Binding more than one variable at a time
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1. Jacobson's reader monad only allows for establishing a single binding
relationship at a time. It requires considerable cleverness to deploy
her combinators in a way that establishes multiple binding
relationships, as in
John_x thinks Mary_y said he_x likes her_y.
See her 1999 paper for details.
Here is [[code for the simple arithmetic reader monad discussed in the
lecture notes|code/arith1.ml]]. It computes
`\x. (+ 1 (* (/ 6 x) 4))`. Your task is to modify it to compute
`\x\y.(+ 1 (* (/ 6 x) y))`. You will need to modify five lines.
The first one is the type of a boxed int. Instead of `type num = int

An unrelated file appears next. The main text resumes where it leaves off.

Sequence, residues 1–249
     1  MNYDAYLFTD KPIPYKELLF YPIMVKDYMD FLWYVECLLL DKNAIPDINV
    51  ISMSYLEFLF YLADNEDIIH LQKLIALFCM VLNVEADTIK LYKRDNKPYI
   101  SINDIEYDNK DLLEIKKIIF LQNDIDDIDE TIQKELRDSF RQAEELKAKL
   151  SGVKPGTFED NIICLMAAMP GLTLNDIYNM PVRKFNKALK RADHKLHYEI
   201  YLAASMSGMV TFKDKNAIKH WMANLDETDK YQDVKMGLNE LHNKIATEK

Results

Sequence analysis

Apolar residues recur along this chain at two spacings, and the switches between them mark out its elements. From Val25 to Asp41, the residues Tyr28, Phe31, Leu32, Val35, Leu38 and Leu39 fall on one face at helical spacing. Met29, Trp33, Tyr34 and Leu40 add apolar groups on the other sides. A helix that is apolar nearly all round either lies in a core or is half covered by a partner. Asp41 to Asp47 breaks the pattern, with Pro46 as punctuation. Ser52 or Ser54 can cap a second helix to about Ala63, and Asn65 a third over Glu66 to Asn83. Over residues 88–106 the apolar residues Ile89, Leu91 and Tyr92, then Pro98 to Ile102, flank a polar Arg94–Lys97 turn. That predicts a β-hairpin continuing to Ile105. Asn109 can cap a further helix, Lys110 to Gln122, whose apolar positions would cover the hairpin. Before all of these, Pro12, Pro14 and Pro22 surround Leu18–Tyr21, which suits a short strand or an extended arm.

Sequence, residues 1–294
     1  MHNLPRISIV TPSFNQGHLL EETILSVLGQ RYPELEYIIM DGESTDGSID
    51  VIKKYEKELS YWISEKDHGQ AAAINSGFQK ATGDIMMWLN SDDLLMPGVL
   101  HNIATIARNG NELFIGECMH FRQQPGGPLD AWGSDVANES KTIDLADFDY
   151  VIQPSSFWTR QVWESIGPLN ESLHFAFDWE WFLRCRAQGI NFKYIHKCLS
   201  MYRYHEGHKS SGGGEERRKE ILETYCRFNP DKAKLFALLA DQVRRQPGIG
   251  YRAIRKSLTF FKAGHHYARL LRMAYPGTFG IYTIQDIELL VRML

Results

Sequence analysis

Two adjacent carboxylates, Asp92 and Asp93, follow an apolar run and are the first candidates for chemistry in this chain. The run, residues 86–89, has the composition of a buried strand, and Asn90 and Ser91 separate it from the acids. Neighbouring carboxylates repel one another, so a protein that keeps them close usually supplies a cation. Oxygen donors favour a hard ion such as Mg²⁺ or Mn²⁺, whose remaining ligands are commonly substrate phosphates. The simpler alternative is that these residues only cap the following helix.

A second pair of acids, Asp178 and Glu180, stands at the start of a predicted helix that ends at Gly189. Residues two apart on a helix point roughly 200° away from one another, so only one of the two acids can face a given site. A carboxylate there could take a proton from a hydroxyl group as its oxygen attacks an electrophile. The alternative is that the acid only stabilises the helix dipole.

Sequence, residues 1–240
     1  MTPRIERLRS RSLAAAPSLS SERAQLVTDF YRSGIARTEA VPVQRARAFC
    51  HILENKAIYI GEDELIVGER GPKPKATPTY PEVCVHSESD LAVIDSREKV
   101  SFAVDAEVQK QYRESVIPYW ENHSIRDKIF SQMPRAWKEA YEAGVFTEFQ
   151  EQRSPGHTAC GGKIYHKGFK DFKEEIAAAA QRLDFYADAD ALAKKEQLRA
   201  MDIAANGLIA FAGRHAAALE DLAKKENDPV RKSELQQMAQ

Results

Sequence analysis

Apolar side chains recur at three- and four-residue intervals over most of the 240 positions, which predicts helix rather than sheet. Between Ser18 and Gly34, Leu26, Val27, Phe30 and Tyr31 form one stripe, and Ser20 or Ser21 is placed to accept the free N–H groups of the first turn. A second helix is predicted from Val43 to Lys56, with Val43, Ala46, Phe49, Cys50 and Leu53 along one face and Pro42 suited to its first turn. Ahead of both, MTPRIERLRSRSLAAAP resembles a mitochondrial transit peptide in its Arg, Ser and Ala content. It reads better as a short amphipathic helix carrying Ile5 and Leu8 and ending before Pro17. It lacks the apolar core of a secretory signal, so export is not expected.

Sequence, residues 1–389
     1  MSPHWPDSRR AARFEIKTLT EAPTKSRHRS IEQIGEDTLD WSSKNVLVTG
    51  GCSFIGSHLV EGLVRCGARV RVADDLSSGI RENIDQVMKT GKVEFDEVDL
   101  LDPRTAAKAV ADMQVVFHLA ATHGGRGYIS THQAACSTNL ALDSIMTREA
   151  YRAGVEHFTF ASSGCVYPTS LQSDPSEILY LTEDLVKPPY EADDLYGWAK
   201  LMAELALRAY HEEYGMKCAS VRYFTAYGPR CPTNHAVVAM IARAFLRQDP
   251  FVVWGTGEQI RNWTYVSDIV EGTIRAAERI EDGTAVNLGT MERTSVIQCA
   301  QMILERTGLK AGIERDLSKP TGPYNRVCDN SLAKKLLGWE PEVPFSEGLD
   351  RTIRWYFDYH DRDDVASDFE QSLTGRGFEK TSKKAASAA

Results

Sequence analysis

-> int`, you'll need
type num = int -> int -> int
The second and third are the definitions of mid and map2. The fourth
is the one that encodes the variable x, the line that begins `(Leaf
(Num (fun x -> ...`. The fifth line you need to modify is the one
that replaces "4" with "y". When you have these lines modified,
you should be able to execute the following expression:
# match eval t2 with Leaf (Num f) -> f 2 4;;
- : int = 13
2. Based on the evaluator code from the assignment from week 7,
enhance the code to handle an arbitrary set of free variables.
Return to the original code (before executing the modifications
required by exercise 1).
Start like this:
type env = string -> int
type num = env -> int
let g = fun var -> match var with "x" -> 2 | "y" -> 4 | _ -> 0;;
When you have it working, try
# match eval t2 with Leaf (Num f) -> f g;;
- : int = 13
3. Add in the maybe monad. Start here:
type num = env -> int option
Show that your code handles division by zero gracefully.